To search for a trend across a wide range of masses, the scientists looked at the galactic-scale equivalent of GRB jets. These come from the brightest classes of active galaxies, blazars and quasars, which sport jets that likewise happen to point our way.

To match the amount of energy given off by a typical blazar in one second, the sun must shine for 317,000 years. To equal the energy a run-of-the-mill GRB puts out in one second, the sun would need to shine for another 3 billion years.

Ultimately, the team examined 54 GRBs and 234 blazars and quasars. The gamma-ray brightness obtained with Fermi, Swift and other observatories told the scientists how much light the jets radiate. Radio and X-ray observations allowed them to determine the power of the particle acceleration in each jet. By analyzing how these two properties related to each other, the researchers discovered that the GRB and blazar samples both exhibited the same relationship.

"Here we have a situation where the mechanism that launches material from a black hole either has to be very similar on both ends of the mass scale -- from a few to a billion solar masses -- or we need different mechanisms that manage to produce very similar efficiencies," explained co-author Eileen Meyer, a post-doctoral researcher at the Space Telescope Science Institute in Baltimore.

The finding simplifies astronomers' understanding of black holes by showing that their activity is governed by the same set of rules -- whatever they happen to be -- independent of mass, age, or the jet's brightness and power. The jets tap into similar fractions -- between 3 and 15 percent -- of the energy wrapped up in the motion of their accelerated particles to power the emission of gamma rays and other forms of light.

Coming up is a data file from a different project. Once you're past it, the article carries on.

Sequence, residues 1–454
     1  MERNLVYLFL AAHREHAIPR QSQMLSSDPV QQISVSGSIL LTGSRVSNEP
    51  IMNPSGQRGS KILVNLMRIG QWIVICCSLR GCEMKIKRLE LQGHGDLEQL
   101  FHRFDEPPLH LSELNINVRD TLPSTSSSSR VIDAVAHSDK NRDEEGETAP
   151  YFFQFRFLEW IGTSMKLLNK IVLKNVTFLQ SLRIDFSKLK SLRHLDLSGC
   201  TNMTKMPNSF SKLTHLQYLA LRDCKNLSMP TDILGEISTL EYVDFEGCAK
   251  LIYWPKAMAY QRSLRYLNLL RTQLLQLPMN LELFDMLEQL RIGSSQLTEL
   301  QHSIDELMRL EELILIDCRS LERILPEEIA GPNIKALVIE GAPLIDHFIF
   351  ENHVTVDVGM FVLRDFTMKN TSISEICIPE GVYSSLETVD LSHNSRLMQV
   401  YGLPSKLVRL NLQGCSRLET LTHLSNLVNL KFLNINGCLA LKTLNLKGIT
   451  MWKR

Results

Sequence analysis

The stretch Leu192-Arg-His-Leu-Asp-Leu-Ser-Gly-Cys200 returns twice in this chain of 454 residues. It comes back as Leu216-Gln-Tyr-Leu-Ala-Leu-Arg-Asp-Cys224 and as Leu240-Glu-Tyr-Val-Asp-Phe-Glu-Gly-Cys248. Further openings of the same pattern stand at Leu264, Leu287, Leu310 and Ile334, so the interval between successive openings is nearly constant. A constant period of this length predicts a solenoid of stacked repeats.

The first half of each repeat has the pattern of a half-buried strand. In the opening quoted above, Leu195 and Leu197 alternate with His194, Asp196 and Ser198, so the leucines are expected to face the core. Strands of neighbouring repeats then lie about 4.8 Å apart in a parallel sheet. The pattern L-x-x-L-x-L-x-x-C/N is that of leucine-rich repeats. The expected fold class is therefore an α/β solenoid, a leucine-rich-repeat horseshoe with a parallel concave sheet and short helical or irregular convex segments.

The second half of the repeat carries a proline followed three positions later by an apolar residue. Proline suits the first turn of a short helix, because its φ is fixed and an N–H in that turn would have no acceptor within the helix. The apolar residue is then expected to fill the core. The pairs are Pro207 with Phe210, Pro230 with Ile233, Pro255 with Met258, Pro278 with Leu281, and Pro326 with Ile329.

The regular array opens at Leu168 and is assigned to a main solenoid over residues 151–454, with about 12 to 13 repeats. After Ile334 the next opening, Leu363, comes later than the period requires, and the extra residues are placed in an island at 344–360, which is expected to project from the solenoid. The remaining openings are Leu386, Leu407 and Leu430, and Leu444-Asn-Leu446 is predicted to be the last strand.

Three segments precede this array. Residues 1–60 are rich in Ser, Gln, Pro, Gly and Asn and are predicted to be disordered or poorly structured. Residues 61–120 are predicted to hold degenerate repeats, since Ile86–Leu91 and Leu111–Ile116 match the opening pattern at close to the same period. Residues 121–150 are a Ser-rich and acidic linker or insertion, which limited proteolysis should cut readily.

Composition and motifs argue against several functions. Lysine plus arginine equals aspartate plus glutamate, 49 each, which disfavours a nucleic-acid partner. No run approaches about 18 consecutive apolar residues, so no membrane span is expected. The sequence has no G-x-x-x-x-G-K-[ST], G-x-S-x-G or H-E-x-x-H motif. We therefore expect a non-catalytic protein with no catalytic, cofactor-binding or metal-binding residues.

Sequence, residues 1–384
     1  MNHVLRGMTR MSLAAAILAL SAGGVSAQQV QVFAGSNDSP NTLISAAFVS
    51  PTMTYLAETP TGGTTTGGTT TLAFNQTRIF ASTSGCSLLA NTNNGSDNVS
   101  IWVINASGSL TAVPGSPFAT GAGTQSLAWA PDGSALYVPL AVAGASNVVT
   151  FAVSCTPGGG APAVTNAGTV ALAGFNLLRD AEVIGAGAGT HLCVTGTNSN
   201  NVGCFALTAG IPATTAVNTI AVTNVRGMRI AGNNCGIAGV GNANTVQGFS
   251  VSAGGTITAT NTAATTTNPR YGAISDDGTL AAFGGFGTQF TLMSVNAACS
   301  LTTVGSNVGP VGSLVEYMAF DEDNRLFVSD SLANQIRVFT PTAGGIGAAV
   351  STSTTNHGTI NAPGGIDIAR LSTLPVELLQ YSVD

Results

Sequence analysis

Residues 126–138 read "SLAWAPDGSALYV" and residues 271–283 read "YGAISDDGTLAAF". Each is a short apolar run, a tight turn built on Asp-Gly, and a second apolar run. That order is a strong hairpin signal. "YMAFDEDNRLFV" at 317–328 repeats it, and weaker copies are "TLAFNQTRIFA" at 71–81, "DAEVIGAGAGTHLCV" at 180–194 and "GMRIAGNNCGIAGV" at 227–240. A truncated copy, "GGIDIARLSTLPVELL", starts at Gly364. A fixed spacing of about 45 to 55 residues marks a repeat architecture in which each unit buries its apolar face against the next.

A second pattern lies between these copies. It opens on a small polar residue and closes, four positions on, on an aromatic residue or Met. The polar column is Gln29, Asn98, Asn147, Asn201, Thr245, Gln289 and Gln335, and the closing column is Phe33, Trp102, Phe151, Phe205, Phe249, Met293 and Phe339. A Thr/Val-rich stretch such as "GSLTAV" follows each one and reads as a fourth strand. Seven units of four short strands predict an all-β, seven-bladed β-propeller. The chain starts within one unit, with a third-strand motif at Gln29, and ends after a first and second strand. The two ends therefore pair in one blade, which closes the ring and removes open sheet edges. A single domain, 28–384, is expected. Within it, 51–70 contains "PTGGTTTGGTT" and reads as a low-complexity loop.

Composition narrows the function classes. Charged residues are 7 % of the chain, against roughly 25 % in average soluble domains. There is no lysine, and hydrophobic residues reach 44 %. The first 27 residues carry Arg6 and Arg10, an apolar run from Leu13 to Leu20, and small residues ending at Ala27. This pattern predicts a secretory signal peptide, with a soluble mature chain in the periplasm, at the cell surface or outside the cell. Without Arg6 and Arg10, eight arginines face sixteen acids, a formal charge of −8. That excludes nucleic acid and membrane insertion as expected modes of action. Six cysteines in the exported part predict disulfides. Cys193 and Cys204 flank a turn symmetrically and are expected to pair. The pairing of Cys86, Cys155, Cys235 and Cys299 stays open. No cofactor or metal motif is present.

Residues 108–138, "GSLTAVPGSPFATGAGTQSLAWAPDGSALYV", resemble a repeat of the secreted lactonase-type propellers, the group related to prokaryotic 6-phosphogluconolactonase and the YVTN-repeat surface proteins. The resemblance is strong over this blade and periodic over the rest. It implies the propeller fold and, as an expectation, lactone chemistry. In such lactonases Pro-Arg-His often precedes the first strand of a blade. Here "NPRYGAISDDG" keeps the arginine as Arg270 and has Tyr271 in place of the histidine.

"It's a bit like a poor man and a billionaire spending the same percentage of their incomes on their heating bills," said team member Markos Georganopoulos, an associate professor of physics at the University of Maryland, Baltimore County.

The authors hope to extend the research to other black-hole-powered events that launch jets, such as the tidal disruption of stars by supermassive black holes.

"One especially useful outcome of this research will be to foster greater communication between astronomers studying GRBs and those working on active galaxies, which in the past we've tended to regard as separate areas of study," said co-author Neil Gehrels, the principal investigator on NASA's Swift.

Francis Reddy
NASA's Goddard Space Flight Center, Greenbelt, Md.

Francis Reddy | EurekAlert!
Further information:
http://www.nasa.gov/topics/universe/features/black-hole-symmetry.html

More articles from Physics and Astronomy:

nachricht Telescopes team up to find distant Uranus-sized planet through microlensing
31.07.2015 | NASA/Goddard Space Flight Center

nachricht California 'rain debt' equal to average full year of precipitation
31.07.2015 | NASA/Goddard Space Flight Center

All articles from Physics and Astronomy >>>